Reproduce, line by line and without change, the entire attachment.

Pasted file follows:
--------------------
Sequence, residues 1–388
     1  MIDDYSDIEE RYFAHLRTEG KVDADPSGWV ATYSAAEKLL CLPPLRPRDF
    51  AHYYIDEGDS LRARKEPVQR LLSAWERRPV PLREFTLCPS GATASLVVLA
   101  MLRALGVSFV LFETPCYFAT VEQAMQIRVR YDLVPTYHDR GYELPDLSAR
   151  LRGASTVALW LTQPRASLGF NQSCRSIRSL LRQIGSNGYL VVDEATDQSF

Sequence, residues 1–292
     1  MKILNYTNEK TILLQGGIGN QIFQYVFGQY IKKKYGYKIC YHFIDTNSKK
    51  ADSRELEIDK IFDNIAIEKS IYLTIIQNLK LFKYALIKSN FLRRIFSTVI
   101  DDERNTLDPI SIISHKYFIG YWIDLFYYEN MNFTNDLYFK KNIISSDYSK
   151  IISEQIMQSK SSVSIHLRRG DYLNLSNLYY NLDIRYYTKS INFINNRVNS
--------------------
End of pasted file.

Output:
Sequence, residues 1–388
     1  MIDDYSDIEE RYFAHLRTEG KVDADPSGWV ATYSAAEKLL CLPPLRPRDF
    51  AHYYIDEGDS LRARKEPVQR LLSAWERRPV PLREFTLCPS GATASLVVLA
   101  MLRALGVSFV LFETPCYFAT VEQAMQIRVR YDLVPTYHDR GYELPDLSAR
   151  LRGASTVALW LTQPRASLGF NQSCRSIRSL LRQIGSNGYL VVDEATDQSF

Sequence, residues 1–292
     1  MKILNYTNEK TILLQGGIGN QIFQYVFGQY IKKKYGYKIC YHFIDTNSKK
    51  ADSRELEIDK IFDNIAIEKS IYLTIIQNLK LFKYALIKSN FLRRIFSTVI
   101  DDERNTLDPI SIISHKYFIG YWIDLFYYEN MNFTNDLYFK KNIISSDYSK
   151  IISEQIMQSK SSVSIHLRRG DYLNLSNLYY NLDIRYYTKS INFINNRVNS